June 03–Nearly two weeks after ground squirrels southwest of Boise tested positive for plague, no cases of the disease have shown up in people or pets, public health officials say.
The Idaho Department of Health and Welfare, Central District Health Department and Idaho Department of Fish and Game are still tracking information about the outbreak and asking the public to be cautious until late June or early July, when the ground squirrels go into hibernation.
Central District Health just this week mailed a flyer with information about the plague to residents in the area of the possible outbreak — a large swath stretching from outside of Boise and Kuna down near Mountain Home. Spokeswoman Christine Myron said the district is still receiving calls from concerned members of the public.
“I know that they have tested some dogs, and everything has come back as negative to date,” Myron said Wednesday. “Hopefully the end of this is in sight, or at least the main threat,” she added, referencing the squirrels’ pending hibernation.
All three agencies have posted copious information on the plague online. Central District Health’s offerings include an interactive map of the possible infection area, allowing residents to confirm by their address whether they should be concerned about local wildlife. The Idaho Department of Health and Welfare compiled an extensive Q on the disease on its blog, including symptoms of plague and what to do if you find dead ground squirrels on your property.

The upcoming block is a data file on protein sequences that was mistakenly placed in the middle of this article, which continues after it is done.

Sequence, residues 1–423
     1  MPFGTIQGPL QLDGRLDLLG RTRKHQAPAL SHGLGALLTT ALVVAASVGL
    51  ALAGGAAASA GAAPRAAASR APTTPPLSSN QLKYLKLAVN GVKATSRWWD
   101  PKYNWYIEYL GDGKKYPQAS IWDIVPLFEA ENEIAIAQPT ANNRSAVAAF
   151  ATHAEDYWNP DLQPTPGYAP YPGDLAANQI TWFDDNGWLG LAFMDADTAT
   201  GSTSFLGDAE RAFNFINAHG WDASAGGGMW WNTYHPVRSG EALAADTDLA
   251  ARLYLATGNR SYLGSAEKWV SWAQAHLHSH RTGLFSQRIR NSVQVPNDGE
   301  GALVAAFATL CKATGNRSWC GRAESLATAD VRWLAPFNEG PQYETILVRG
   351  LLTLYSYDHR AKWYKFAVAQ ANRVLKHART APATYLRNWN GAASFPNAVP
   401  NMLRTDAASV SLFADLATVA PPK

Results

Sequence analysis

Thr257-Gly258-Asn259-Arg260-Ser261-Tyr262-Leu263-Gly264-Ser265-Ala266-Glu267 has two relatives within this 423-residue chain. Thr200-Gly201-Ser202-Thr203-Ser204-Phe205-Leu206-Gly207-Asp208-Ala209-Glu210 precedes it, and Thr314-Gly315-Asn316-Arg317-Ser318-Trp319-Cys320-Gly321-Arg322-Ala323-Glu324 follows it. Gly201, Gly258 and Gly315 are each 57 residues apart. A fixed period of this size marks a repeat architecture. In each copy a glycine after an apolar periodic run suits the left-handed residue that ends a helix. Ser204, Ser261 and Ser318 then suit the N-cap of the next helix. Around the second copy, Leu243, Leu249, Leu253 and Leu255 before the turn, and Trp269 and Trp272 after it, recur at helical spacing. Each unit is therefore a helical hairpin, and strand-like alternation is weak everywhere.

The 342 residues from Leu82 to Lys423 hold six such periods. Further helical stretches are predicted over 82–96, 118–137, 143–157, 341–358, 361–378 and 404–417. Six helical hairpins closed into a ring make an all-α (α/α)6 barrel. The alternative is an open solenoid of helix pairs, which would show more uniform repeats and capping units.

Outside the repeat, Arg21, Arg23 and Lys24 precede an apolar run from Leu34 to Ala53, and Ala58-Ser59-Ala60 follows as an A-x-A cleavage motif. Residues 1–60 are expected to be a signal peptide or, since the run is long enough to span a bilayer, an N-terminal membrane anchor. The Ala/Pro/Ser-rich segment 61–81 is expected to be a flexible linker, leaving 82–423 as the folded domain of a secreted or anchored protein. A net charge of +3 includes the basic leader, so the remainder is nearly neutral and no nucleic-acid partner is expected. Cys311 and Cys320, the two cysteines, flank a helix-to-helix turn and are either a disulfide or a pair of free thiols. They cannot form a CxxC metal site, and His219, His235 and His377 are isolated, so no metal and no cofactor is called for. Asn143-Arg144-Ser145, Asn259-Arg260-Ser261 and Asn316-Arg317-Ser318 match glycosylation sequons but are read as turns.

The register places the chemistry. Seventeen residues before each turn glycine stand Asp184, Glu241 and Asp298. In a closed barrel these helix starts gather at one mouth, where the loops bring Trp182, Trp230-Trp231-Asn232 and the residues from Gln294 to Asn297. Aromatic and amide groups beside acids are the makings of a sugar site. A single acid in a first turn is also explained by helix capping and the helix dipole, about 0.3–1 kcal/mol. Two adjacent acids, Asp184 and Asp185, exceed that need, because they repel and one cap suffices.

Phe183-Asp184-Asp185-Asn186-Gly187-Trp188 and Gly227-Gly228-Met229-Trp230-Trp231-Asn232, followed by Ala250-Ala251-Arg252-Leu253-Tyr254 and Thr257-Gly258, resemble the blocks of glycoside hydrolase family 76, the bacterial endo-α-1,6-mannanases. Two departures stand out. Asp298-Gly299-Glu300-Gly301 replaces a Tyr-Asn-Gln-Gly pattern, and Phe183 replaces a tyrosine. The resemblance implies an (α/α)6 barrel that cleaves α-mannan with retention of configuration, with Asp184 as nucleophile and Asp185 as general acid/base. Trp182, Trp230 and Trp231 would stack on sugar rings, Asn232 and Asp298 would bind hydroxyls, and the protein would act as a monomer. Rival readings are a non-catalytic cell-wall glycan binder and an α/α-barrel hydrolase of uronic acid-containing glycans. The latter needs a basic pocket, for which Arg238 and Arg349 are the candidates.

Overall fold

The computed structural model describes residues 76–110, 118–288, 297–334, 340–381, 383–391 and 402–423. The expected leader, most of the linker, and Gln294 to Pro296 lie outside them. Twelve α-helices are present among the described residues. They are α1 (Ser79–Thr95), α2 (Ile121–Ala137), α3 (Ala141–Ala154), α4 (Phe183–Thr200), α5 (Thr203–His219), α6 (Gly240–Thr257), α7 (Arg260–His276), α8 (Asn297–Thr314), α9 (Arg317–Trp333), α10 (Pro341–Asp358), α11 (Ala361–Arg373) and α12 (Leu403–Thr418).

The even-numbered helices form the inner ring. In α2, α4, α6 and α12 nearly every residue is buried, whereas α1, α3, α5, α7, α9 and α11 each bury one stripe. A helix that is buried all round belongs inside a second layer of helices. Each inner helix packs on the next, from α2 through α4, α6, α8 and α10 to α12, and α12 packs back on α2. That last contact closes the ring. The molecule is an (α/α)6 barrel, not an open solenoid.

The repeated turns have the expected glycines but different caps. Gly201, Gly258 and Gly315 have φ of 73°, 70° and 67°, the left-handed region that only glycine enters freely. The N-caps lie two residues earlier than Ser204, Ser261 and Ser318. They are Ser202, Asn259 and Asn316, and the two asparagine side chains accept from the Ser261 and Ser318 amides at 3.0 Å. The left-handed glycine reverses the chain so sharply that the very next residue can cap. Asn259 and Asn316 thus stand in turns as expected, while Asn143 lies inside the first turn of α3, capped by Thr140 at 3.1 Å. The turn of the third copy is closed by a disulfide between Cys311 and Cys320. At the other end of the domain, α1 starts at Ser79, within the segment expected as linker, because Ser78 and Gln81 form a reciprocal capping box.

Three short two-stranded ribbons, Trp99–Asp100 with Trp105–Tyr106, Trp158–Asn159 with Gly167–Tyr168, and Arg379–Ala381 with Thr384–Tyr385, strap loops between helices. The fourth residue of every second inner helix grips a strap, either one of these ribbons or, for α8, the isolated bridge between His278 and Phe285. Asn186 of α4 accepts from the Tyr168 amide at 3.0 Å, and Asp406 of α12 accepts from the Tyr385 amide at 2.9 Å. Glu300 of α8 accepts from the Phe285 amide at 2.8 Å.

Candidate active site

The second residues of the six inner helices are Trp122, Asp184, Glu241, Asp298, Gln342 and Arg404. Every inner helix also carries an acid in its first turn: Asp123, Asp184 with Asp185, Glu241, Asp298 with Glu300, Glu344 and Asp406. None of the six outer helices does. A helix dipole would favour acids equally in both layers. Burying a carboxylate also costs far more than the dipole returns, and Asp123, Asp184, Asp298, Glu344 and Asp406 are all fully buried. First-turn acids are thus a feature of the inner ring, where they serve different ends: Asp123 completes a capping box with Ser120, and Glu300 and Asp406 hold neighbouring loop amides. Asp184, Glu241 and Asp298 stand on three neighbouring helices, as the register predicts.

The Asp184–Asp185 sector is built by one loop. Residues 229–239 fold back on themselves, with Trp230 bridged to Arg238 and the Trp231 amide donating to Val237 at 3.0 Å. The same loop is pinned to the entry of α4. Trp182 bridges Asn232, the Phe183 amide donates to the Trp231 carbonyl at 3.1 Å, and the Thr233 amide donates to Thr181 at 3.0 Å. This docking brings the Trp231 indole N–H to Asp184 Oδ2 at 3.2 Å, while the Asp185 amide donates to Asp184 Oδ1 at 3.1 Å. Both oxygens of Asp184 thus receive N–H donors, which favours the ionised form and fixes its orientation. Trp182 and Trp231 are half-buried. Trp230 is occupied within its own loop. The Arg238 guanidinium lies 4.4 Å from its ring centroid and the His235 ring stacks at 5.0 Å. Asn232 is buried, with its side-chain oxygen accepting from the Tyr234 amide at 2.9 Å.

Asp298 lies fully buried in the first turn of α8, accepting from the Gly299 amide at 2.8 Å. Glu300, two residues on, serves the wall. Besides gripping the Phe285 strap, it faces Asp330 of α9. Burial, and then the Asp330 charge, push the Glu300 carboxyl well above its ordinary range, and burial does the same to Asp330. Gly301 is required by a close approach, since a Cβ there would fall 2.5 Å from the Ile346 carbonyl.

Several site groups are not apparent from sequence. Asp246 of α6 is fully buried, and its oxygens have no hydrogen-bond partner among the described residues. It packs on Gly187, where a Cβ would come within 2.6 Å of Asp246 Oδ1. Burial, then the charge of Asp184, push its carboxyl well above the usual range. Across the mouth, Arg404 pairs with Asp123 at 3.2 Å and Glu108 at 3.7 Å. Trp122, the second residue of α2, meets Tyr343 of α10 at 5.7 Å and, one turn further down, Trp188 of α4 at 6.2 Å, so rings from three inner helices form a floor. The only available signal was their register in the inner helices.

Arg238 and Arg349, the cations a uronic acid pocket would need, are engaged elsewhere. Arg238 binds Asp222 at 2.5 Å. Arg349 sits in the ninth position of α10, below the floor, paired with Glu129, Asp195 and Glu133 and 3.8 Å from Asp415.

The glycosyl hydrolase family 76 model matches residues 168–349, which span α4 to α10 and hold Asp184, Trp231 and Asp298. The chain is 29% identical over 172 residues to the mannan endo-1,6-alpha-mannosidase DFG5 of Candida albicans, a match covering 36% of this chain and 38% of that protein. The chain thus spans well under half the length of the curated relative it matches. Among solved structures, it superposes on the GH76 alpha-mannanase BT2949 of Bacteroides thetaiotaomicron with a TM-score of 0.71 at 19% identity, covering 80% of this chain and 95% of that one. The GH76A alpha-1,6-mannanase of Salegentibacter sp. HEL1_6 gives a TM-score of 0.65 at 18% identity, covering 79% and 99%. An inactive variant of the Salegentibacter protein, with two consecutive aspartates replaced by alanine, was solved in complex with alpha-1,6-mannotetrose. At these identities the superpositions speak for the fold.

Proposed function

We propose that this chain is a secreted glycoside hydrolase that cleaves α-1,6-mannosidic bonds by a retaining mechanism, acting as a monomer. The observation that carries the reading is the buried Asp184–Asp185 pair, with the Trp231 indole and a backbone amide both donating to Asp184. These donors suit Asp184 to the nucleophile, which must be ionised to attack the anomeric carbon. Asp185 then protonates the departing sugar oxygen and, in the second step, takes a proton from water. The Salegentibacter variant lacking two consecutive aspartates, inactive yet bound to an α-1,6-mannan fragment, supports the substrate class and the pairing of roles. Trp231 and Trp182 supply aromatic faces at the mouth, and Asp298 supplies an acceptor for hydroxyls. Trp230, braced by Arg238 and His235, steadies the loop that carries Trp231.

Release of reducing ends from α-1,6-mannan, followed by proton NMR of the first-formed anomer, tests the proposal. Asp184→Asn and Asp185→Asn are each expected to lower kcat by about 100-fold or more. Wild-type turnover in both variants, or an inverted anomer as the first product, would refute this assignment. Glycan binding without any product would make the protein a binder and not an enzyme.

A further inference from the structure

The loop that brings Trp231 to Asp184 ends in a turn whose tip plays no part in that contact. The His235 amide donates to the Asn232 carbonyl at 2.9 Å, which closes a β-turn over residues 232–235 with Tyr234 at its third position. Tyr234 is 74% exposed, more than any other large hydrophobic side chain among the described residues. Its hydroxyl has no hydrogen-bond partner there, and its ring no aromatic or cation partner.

“We’re just really wanting people to be aware, especially now that kids are out of school and could be in the area,” Health and Welfare spokeswoman Niki Forbing-Orr said.
Idaho Fish and Game’s page includes a tool to report wildlife die-offs in the possible plague area. Spokesman Mike Demick said his agency got a few reports the first week after the news broke, but that lately the page has been sparsely visited.
Dr. Elizabeth Cienava with WestVet, the 24-hour emergency veterinary clinic in Garden City, said her office has had two people bring in dogs to be tested. Both preliminary results were negative. It also fielded a call from a dog owner concerned after their dog fought with a tree squirrel — only ground squirrels have been found with plague so far, and only in the area mapped by the state agencies. People are concerned and asking questions, she said.
The plague, a bacterial disease, can be spread by the bites of fleas or by direct contact with infected animals. The plague is believed to have reached Idaho in about the 1930s and has likely been in the ground squirrel population for decades.